Relief may be on the way for those individuals who have been burdened by debt as a result of payday loans. In January, the Consumer Financial Protection Bureau (“CFPB”) announced that it would be implementing new regulations to eliminate abuses such as high fees and charges that pose a challenge to consumers in the payday loan industry.
Opponents of the proposed regulatory changes at American Banker claim that such changes are essentially crippling “the small-dollar, payday loan market, destroying a lifeline of credit for millions of responsible, low-and middle-income Americans.”
As defined by Market Place, payday loans are usually small sums of money borrowed at high interest rates and repaid upon receipt of the borrower’s next paycheck.
A report by the Center for Responsible Lending (“CRL”) indicated that these companies have made $2.5 billion in fees since 2005 in Florida alone. The report was also indicative of the rapid increase in lending, showing a growth in the number of transactions, total loan volume and total fees charged.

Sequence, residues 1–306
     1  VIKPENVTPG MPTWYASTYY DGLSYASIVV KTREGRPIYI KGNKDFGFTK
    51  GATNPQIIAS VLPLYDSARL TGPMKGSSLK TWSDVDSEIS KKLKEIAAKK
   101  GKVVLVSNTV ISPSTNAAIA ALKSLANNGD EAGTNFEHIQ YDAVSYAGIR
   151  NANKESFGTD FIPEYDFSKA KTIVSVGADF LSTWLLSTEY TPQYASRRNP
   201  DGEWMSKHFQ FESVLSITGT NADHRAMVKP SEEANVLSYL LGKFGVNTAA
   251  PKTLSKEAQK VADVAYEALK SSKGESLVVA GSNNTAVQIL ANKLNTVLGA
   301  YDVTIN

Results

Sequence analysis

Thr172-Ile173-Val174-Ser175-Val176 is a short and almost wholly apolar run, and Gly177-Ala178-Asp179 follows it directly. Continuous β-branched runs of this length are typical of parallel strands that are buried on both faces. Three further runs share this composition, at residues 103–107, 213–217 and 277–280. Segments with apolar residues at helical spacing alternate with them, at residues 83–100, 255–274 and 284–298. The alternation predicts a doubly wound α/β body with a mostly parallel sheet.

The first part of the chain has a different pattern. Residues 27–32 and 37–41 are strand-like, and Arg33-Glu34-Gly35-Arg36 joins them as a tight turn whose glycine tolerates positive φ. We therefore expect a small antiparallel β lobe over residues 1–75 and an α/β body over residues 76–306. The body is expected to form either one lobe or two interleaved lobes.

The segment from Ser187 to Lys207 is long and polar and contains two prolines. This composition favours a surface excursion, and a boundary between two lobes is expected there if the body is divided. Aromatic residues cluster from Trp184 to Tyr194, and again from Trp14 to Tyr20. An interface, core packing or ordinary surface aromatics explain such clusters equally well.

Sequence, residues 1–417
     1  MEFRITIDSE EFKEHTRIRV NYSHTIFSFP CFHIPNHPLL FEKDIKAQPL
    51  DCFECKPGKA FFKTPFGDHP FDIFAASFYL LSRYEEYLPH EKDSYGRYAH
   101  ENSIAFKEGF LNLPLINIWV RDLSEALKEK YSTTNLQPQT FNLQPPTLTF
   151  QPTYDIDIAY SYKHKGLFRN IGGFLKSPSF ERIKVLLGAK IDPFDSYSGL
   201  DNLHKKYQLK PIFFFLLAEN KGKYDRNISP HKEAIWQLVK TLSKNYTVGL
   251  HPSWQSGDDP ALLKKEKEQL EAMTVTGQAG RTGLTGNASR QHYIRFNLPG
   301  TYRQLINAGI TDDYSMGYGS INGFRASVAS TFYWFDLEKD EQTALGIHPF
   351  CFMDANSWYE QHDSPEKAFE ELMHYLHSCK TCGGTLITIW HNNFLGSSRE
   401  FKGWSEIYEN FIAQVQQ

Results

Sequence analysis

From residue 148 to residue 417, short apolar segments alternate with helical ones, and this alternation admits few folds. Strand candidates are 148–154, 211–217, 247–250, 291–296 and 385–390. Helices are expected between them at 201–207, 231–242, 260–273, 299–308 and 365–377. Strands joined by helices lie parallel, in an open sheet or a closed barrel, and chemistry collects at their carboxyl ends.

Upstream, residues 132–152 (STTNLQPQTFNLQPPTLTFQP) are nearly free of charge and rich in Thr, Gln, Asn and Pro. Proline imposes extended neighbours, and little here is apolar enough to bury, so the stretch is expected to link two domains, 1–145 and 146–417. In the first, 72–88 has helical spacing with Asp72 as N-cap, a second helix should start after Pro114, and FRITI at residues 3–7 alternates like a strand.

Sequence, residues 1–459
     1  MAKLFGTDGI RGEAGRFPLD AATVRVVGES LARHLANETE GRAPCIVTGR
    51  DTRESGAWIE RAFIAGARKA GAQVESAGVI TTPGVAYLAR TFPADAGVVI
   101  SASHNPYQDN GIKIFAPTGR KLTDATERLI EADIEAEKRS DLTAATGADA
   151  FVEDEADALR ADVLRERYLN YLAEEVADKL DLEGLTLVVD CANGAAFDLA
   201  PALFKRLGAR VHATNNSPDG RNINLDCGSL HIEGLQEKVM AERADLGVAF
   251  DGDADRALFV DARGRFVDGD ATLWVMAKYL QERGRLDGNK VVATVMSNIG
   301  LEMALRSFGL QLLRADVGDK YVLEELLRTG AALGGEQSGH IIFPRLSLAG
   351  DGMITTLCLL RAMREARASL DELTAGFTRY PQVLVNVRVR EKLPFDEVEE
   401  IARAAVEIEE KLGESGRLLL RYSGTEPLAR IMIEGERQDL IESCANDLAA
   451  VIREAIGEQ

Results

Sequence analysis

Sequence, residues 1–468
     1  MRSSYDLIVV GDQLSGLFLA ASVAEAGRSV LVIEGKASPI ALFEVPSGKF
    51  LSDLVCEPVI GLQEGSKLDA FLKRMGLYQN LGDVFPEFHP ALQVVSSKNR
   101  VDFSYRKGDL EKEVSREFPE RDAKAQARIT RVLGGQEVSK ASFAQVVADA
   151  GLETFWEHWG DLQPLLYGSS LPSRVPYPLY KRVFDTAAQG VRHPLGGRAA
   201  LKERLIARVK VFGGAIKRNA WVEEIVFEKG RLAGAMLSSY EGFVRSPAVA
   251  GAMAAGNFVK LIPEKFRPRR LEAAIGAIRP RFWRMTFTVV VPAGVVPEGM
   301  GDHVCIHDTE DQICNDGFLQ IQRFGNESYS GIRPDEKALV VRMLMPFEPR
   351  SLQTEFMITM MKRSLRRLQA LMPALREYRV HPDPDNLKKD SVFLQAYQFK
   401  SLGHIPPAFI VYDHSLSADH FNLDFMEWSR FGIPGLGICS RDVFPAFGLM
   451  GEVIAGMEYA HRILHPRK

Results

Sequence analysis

Still focusing on Florida, the loan industry earned a total of $311 million, $124.5 million more in fees from lenders between 2010 and 2015. Annual transactions went up by $5.3 million in the past 10 years, and annual volume increased by $1.4 billion. The state has more payday loan businesses than Starbucks franchises in operation.
The CRL report also revealed that 83% of Floridians’ payday loans were owed by individuals who already had a minimum of seven loans per year. Borrowing was especially high amongst senior citizens as well as individuals the Latino and black communities. To read more, please click here.